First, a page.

Starring: Ferdia Walsh-Peelo, Lucy Boynton, Jack Reynor, Aidan Gillen
Director: John Carney
Sing Street is a smart, touching, and completely charming riff on youth, 80s music, love, passion, and dreaming big. The cast is wonderful, and the music–from the soundtrack to the original songs–is perfect. It’s a film that needs to be seen, and re-seen, and it will leave you smiling–I have no doubt about it.
Ferdia Walsh-Peelo is Conor, a teenager struggling with a family that is falling apart in the middle of tough times in 1980s Dublin. When he’s forced to change schools, Conor meets the beautiful would-be young model, Raphina, played by Lucy Boynton, and convinces her to appear in his band’s music video. The only catch, is naturally that Conor isn’t in a band, so the next step is to make some friends and make some music so he can wow the girl.
Along the way, Conor has to deal with the school bully, the school’s dictator principal, and the question of even just how to make music that’s truly his own. Like any good coming-of-age story, Conor is looking to find out who he is, and in doing that, he finds his confidence, and what he wants to live for, but it’s his brother, Brendan, played by Jack Reynor, who helps guides Conor.
That sibling relationship is a big part of Sing Street, and the scenes between Walsh-Peelo and Reynor are some of the most compelling, but it’s a film filled to brimming with wonderful, nuanced performances, characters with depth, and a real love for music most of all.
From the rock riff opening, all the way to the touching ending, Sing Street is just packed with heart, and Boynton and Walsh-Peelo have sweet, endearing chemistry together that ebbs and flows as their characters discover each other. It’s a wonderful on-screen relationship that is convincing and perfectly sweet and cute, with its share of heartache.
We don’t see a lot of them, but Aidan Gillen and Maria Doyle Kennedy as Connor’s squabbling parents are briefly wonderful. There’s a hint of a deeper story there too, but there’s really not enough time to delve into it. That’s not really a complaint, since Sing Street‘s running time is nearly perfect, but I do wish we could have seen a little more of both great actors.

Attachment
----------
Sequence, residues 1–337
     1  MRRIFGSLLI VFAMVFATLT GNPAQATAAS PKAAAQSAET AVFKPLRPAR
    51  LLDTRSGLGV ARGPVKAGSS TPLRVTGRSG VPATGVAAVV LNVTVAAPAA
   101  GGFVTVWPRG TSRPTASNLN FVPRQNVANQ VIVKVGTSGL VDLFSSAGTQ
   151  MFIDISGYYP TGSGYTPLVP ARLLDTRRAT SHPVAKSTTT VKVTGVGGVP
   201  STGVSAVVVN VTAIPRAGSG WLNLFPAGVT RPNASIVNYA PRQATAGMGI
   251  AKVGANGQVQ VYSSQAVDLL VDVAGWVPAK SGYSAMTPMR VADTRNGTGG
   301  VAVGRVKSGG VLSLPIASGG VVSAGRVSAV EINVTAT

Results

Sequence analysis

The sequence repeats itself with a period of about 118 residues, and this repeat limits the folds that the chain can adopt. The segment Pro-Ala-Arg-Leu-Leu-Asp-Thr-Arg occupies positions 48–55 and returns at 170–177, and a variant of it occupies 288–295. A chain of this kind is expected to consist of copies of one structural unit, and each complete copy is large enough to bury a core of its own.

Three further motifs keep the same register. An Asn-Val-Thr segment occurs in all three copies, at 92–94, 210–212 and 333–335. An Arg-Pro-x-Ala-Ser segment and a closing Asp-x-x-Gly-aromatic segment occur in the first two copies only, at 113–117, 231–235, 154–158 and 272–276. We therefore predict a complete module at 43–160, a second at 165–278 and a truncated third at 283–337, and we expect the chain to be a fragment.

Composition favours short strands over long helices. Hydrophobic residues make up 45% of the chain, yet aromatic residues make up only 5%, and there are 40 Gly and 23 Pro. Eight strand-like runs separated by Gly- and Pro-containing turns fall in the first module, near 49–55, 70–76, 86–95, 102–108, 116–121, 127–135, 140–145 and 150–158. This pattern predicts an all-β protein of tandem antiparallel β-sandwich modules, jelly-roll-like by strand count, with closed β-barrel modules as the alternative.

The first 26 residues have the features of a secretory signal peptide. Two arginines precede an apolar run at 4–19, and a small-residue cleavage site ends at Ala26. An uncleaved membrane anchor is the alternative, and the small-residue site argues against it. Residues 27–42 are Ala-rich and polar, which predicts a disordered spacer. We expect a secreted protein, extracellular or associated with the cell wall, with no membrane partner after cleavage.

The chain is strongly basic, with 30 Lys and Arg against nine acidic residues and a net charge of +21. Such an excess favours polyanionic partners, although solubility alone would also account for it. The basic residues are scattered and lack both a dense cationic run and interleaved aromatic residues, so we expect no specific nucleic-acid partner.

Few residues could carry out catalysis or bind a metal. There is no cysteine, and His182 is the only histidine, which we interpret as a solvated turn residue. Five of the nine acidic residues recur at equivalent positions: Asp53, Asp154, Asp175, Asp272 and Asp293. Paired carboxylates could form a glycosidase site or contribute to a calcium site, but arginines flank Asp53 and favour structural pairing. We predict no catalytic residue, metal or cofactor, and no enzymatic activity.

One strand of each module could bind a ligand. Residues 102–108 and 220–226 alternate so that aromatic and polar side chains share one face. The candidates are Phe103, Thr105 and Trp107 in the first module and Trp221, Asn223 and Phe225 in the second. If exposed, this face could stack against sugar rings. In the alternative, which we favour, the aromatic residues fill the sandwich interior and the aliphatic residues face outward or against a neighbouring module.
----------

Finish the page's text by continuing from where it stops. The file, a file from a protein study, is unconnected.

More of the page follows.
What I also find amazing about the film was that it made me re-appreciate a band that I already love. Hearing a few moments of The Cure’s “In Between Days”, to help explain the idea of being happy/sad, was frankly a perfect explanation, and there’s no better explanation for the 80s, or Sing Street itself. The film is the charming convergence of happy/sad, but it certainly leans more towards the happy side, even if the nostalgia and sense of loss are there too.
Finally, Sing Street impressed me because it’s not just about a boy trying to win a girl. The film’s fraternal bond runs deep. That touching realization roots Sing Street as more than just a romantic coming of age film, and adds lovely depth to the story.
Thanks to every moment, from the hand clapping tracks, to the music videos, and the luminescent Lucy Boynton, Sing Street is a must see. It’s a beautiful film, and I can’t wait to see it again. And watch for Sing Street at the next Oscars, at the very least for the fantastic music.
Sing Street opens in Toronto today, in Montreal and Vancouver on April 29, and expands to select Canadian cities on May 13.
Watch Adam Levine’s “Go Now” from the film:
Join our list
Subscribe to our mailing list and get weekly updates on our latest contests, interviews, and reviews.